Media contact: Noelle Lemoine, communications assistant; tele: (413) 597-4277; email: Noelle.Lemoine@williams.edu
WILLIAMSTOWN, Mass., November 28, 2016—A recent graduate of Williams College’s Center for Development Economics (CDE), Diala Issam Al Masri ’15, is one of three newly named Rhodes Scholars from Syria, Jordan, Lebanon, or Palestine. This is the first year that the Rhodes Trust is choosing scholars from that region, the result of a new partnership with the Saïd Foundation that was announced in June. Al Masri is the first CDE graduate to be awarded a Rhodes Scholarship.
The Rhodes Scholarship is among the oldest and most prestigious academic awards for college graduates. It provides two or three years of study at the University of Oxford in England. Al Masri was selected from among hundreds of applicants from the new Middle East region.
Al Masri heard the news she’d been selected for the Rhodes while celebrating Thanksgiving at the home of Williams professor Magnus Bernhardsson. “There were a few moments of disbelief, then pure, overwhelming joy,” she said. “I feel deeply grateful to everyone who got me here, and at the same time, a responsibility to live up to the trust placed in me.”
A native of Lebanon, Al Masri received a Fulbright Scholarship to further her studies at Williams, taking a path less traveled to the CDE. Typically, CDE students are already working as economists in their home countries, but Al Masri came to the CDE directly after completing her bachelor’s degree in political science/international affairs with a minor in economics in 2014 at the Lebanese American University in Beirut.
The CDE offers an intensive, one academic year master’s degree program designed for economists from low- and middle-income countries, to provide them with a thorough understanding of the development process, emphasizing analytical techniques helpful to policymakers. It is one of two master’s degree programs offered at Williams (the other is a program in the history of art).
Since receiving her master’s in policy economics from the CDE, Al Masri has remained at Williams, working first as a teaching assistant at the CDE for the Class of 2016, and now in the Economics Department as a research assistant for professors Peter Pedroni and Peter Montiel. Her research encompasses determinants of capital flows and the long-term relationship of finance and development.
Pedroni said that while working with Al Masri, it became quite clear that her talent and ability for research outpaced what one would normally expect from a research assistant.
“Diala is at this stage of her career without doubt and by no small margin the strongest student to come from the CDE program,” Pedroni noted in his letter to the Rhodes selection committee. “In terms of aptitude and technical ability, I would say Diala is far more comparable to the best of the Williams undergraduates who double major in economics and mathematics, many of whom go on to study among the top five economics Ph.D. programs in the U.S. But most importantly, Diala has developed a sense of research maturity that exceeds even the most talented of our top undergraduates.”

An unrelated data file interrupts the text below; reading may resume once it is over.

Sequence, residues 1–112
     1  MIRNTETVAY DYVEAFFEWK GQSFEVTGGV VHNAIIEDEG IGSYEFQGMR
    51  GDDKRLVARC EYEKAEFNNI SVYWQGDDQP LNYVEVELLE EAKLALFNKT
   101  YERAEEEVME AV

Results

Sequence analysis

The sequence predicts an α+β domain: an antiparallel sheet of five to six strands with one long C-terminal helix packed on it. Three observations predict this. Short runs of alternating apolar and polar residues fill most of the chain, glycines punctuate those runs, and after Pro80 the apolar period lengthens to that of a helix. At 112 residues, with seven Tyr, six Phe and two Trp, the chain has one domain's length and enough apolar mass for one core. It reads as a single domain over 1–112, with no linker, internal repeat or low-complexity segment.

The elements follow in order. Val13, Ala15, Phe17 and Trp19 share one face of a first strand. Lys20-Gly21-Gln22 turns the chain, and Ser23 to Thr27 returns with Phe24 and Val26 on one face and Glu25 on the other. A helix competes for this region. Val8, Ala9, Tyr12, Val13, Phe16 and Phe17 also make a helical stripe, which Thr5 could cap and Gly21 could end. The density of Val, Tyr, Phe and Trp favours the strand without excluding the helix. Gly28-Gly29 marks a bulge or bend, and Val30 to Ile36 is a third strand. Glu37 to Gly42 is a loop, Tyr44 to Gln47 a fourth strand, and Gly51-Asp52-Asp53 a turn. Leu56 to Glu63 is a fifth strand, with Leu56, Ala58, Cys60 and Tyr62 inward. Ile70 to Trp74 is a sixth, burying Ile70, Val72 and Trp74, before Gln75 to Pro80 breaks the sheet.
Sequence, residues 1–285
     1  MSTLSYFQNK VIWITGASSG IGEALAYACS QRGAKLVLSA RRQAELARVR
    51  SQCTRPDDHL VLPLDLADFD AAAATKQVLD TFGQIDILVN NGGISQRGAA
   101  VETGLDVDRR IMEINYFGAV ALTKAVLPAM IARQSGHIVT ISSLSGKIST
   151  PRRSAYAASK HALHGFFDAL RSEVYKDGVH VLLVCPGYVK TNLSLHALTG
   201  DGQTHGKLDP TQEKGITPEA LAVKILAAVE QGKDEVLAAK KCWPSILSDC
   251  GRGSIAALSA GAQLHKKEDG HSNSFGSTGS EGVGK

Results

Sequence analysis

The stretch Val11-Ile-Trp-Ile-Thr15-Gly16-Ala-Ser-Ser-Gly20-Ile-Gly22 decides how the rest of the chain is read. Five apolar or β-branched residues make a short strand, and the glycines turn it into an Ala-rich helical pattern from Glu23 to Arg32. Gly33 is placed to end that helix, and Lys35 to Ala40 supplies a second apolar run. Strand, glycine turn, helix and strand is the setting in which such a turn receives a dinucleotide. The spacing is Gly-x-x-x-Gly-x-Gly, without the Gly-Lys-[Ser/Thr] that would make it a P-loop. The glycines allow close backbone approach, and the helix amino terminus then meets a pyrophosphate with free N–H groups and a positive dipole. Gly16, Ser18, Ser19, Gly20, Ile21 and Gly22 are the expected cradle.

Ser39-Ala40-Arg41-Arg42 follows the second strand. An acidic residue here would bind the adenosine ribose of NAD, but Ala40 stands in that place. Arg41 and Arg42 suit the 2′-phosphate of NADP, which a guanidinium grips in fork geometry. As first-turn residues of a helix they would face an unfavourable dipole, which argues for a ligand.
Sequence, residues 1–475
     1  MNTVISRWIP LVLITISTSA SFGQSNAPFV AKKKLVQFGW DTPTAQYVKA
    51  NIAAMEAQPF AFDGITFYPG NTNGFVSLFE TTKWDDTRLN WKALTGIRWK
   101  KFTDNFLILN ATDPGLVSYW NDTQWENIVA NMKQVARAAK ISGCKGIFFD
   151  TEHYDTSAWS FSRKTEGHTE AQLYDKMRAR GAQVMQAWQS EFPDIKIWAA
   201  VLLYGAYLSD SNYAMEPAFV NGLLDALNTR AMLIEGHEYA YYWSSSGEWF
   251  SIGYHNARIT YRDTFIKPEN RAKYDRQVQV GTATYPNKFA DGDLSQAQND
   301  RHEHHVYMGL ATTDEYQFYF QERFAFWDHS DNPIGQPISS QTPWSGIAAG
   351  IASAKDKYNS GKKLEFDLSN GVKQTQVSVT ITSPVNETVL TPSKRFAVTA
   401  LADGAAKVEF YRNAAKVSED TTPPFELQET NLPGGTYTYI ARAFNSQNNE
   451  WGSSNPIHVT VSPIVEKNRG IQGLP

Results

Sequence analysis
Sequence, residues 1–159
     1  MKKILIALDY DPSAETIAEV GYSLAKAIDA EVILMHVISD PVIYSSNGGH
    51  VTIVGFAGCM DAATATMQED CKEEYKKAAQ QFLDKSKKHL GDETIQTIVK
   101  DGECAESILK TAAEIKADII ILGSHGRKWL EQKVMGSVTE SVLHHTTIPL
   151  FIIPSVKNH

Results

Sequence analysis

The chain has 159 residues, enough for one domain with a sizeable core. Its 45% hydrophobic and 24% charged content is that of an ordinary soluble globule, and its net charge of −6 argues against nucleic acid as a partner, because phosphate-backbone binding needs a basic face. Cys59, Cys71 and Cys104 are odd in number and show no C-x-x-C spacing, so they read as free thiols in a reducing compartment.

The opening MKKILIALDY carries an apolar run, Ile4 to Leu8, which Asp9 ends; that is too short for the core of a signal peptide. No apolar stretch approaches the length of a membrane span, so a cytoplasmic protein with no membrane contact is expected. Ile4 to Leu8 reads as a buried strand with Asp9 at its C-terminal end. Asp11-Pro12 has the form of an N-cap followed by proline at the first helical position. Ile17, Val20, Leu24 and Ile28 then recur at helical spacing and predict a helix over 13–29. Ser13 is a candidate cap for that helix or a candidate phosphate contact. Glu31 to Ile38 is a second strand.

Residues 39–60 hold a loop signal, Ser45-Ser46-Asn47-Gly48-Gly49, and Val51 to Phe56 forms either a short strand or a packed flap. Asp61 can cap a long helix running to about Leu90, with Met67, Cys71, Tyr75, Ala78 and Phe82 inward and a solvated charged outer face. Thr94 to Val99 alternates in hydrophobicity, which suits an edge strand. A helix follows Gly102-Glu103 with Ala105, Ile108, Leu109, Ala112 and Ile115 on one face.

Al Masri says her plan is to pursue graduate work in economics at Oxford to further her studies of econometric techniques and continue in a career as an economist and an academic specializing in low- and middle-income countries and fragile states. She points to two specific programs at Oxford—the Institute for Global Economic Development (OxIGED) and the Institute for Economic Modeling (INET)—as programs she would be involved with in her studies.
Al Masri’s educational journey started in her hometown in a rural area in the Lebanese mountains. She recalls hearing many times how being a woman in a male-dominated society would impose limits on her, but instead she says it empowered her. As an undergraduate student in Lebanon, Al Masri was very involved with leadership and humanitarian organizations. She was one of six Lebanese students chosen to be part of the Middle East Partnership Initiative Student Leaders program, where she interacted with leaders from the Arab region.
She participated as a leader in the Global Classrooms UNA-USA Model United Nations and served as a trainer for Mercy Corps, a global humanitarian aid agency that helps people survive after conflict, crisis, or natural disaster. She helped implement a pilot project on women’s empowerment with the United Nations Development Programme and worked with the World Youth Alliance’s Middle East operation to support Syrian refugees who were arriving in her hometown.
Pedroni said that working with Al Masri is a pleasure not only because of her technical ability, but also because of her deep sense of intellectual devotion that she conveys for the subjects that she pursues. “I have no doubt that Diala will make good use of her intellectual talents and abilities for social contributions,” he said.
Al Masri is the 38th Williams student to be named a Rhodes Scholar since the program began in 1902. The most recent previous Williams recipient was Brian McGrail ’14. More on the scholarships and profiles of the three Middle East region recipients can be found on the Rhodes Trust website.
Founded in 1793, Williams College is the second-oldest institution of higher learning in Massachusetts. The college’s 2,000 students are taught by a faculty noted for the quality of their teaching and research, and the achievement of academic goals includes active participation of students with faculty in their research. Students’ educational experience is enriched by the residential campus environment in Williamstown, Mass., which provides a host of opportunities for interaction with one another and with faculty beyond the classroom. Admission decisions on U.S. applicants are made regardless of a student’s financial ability, and the college provides grants and other assistance to meet the demonstrated needs of all who are admitted.